In what sense are the Fool's assertions true or false in act 3, scene 2, of King Lear?

Expert Answers

An illustration of the letter 'A' in a speech bubbles
In King Lear, the Fool is often wiser than the king. The Fool points this out in act I when he threatens the king's displeasure by implying that Lear is a bigger fool than he is for giving away his kingdom and spurning his youngest daughter.
In act III, the Fool's assertions are true in a commonsensical way. He would like Lear to get out of the raging storm and tells him so, saying it would be better to ask his daughters to let him in, even if it means swallowing his pride, than to stay out in a merciless downpour. The violent weather, however, expresses Lear's fury and grief, and comforts him on a psychic level.
Later in the scene, the Fool sings a song:
He that has and a little tiny wit—
With heigh-ho, the wind and the rain—
Must make content with his fortunes fit,
For the rain it raineth every day.
By this, the Fool means that people who don't have the brains to exercise common sense must adjust themselves to their circumstances and make the best of them. This too is true—so true that even Lear agrees and says they should find a hovel to shelter in.
Approved by eNotes Editorial Team
An illustration of the letter 'A' in a speech bubbles

This scene is of course famous for the way that the enraged Lear wanders around the heath during the tempestuous storm. We already begin to see signs of Lear's madness as he addresses the storm itself, finding a fitting parallel in its fury with his own emotions. However, it is the Fool that oddly tries to make his master see reason, and shows himself to be immensely wise in his suggestion. Note what he says to Lear:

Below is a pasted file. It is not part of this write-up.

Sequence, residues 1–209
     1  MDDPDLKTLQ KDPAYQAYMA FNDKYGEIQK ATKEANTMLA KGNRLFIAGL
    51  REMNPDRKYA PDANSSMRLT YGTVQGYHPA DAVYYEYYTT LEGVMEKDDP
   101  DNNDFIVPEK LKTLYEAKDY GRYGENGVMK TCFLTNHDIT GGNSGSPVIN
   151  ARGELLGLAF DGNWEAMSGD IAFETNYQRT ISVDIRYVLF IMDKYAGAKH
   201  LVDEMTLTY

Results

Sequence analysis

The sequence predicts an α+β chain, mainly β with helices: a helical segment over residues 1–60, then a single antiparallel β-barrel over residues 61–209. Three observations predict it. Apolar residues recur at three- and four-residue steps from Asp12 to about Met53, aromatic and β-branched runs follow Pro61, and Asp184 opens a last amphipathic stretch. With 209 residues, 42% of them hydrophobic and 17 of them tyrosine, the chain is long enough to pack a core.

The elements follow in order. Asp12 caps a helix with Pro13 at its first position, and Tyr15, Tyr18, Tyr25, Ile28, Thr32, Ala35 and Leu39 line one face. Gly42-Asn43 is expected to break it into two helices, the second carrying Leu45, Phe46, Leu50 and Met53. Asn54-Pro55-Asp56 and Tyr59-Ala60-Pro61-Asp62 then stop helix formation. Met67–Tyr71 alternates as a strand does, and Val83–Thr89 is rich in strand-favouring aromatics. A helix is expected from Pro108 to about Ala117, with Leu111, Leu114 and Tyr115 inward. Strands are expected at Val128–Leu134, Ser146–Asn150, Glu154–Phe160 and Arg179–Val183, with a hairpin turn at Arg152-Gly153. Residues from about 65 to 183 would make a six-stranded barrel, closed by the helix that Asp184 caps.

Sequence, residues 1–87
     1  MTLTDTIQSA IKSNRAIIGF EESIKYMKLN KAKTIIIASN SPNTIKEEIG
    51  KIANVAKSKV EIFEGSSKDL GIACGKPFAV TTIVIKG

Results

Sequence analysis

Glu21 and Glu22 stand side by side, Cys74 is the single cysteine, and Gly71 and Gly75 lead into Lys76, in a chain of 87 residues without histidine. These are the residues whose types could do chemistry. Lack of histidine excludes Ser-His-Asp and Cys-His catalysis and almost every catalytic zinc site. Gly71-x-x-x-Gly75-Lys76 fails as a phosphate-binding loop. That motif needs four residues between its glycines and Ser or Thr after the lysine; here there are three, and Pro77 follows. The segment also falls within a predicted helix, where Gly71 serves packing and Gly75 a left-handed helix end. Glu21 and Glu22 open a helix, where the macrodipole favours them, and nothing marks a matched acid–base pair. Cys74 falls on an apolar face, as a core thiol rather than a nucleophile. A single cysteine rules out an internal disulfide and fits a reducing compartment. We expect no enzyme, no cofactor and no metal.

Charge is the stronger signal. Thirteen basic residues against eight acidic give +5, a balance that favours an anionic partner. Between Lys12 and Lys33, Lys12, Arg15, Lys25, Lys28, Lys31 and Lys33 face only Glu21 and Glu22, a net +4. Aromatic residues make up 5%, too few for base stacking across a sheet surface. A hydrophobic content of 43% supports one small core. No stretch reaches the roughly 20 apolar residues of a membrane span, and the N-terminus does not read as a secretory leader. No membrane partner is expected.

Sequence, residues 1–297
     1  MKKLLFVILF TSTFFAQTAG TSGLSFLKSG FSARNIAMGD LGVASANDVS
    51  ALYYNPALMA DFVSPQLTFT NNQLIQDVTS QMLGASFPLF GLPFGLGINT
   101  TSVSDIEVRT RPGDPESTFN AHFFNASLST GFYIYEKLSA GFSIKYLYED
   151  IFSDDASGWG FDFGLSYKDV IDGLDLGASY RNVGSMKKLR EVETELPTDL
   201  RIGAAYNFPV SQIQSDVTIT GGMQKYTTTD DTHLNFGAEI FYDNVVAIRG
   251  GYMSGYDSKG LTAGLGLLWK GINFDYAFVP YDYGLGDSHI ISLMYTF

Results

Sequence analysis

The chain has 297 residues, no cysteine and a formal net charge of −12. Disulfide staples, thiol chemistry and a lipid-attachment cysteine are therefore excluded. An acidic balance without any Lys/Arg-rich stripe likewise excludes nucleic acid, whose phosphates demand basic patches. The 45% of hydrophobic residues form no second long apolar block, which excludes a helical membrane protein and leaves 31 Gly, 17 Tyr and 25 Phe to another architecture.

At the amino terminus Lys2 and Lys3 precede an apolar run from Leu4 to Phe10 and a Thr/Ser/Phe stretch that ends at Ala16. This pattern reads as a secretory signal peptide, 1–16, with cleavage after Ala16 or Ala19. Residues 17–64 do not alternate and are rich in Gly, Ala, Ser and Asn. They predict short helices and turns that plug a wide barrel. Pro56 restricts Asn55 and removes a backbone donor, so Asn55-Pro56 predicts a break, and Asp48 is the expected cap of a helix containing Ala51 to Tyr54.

O nuncle, court holy water in a dry house is better than this rainwater out o'door. Good nuncle, in, ask thy daughters blessing. Here's a night pities neither wise men nor fools.

The Fool thus is oddly shown to be the wiser of the two characters. He recognises that the storm makes it dangerous for them to be outside, and so he urges Lear to seek the blessing and forgiveness of his daughters, humbling himself before them, so at least they can enjoy the benefits of a "dry house." However, it is King Lear who rejects his fool's wise advice and clings on to his anger and rage. Thus, there is great truth in what the Fool says in this scene.

See eNotes Ad-Free

Start your 48-hour free trial to get access to more than 30,000 additional guides and more than 350,000 Homework Help questions answered by our experts.

Get 48 Hours Free Access
Approved by eNotes Editorial Team